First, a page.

There are many different names by which the LDR (Light Dependent Resistors) are known, which include names such as photoresistor, photocell, photoconductive cell, and photoconductor.
Normally the term which is most prevalent and used most popularly in instructions and the datasheets is the name “photocell”.
There are a variety of uses to which the LDR or photoresistor can be applied since these devices are good with their photosensitive property and are also available at low cost as well.
Thus, LDR could remain popular for a long period of time and extensively used in applications such as photographic light meters, burglar and smoke detectors, in street lamps to control the lighting, flame detectors, and card readers.
The generic term of “photocell” is used for the Light Dependent Resistors within the general literature.
Discovery of LDR
As discussed above, the LDR has remained the favorite among the photocells for a long period of time. The early forms of the photoresistors were manufactured and introduced in the market in the early nineteenth century.
This was manufactured through the discovery of the “selenium’s photoconductivity” in 1873 by the scientist named Smith.
A good range of different photoconductive devices have been manufactured since then. An important progress in this field was made in the early twentieth century, especially in 1920 by the renowned scientist T.W. Case who worked on the phenomenon of photoconductivity and his paper, “Thalofide Cell- a new photoelectric cell” was published in 1920.
During the next two decades in the 1940s and 1930s, a range of other relevant substances were studied for developing photocells which included PbTe, PbS, and PbSe. Further in 1952, the photoconductors the semiconductor version of these devices were developed by Simmons and Rollin using germanium and silicon.
Symbol of the Light Dependent Resistors
The circuit symbol which is used for the photoresistor or the light dependent resistor is a combination of the resistor animated to indicate that the photoresistor is light sensitive in nature.
The basic symbol of the light dependent resistor consists of a rectangle which symbolizes the resistor's function of the LDR. The symbol additionally consists of two arrows in the incoming direction.
The same symbol is used to symbolize the sensitivity towards light in the phototransistors and photodiodes.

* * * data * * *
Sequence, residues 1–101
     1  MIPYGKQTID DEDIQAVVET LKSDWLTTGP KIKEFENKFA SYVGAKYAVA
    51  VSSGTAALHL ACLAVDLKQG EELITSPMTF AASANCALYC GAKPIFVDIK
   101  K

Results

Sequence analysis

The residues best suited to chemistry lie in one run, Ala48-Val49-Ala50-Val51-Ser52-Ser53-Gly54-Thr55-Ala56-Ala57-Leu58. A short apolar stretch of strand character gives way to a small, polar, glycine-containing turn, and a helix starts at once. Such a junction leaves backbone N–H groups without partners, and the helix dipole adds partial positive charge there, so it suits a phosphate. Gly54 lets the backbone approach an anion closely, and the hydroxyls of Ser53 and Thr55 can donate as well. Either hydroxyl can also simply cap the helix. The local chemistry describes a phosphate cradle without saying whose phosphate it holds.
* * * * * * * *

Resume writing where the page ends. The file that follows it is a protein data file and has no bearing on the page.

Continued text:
The symbol of the “resistor and arrows” as described above is used by the light dependent resistors in majority of their applications.
But there are few cases where the symbol used by the light dependent resistors depicts the resistor encased within a circle. This is evident in the case when circuit diagrams are drawn.
But the symbol where there is absence of circle around the resistor is a more common symbol used by the photoresistors.
Technical Specifications of Photoresistors
The surface of LDR is built with two cadmium sulphide(cds) photoconductive cells having spectral responses comparable to that of the human eye. The resistance of the cells drop linearly as light intensity is increased on its surface.
The photoconductor which is placed between the two contacts is used as a main responsive component by the photocell or the photoresistor. The resistance of the photoresistors undergoes a change when there is an exposure of the photoresistor to the light.
Photoconductivity: The electron carriers are generated when the photoconductor’s semiconductor materials used absorb the photons, and this results in the mechanism which works behind the light dependent resistors.
Although you may find that the materials which are used by the photoresistors are different, they are mostly all semiconductors.
When they are used in the form of photoresistors, then these materials act as resistive elements only where there is absence of PN junctions. This results in the device to become entirely passive in nature.
The photoresistors or the photoconductors are basically of two types:
Intrinsic Photoresistor: The photoconductive material which is used by a specific photoresistor type enables the charge carriers to get excited and jump to the conduction bands from their initial valence bonds respectively.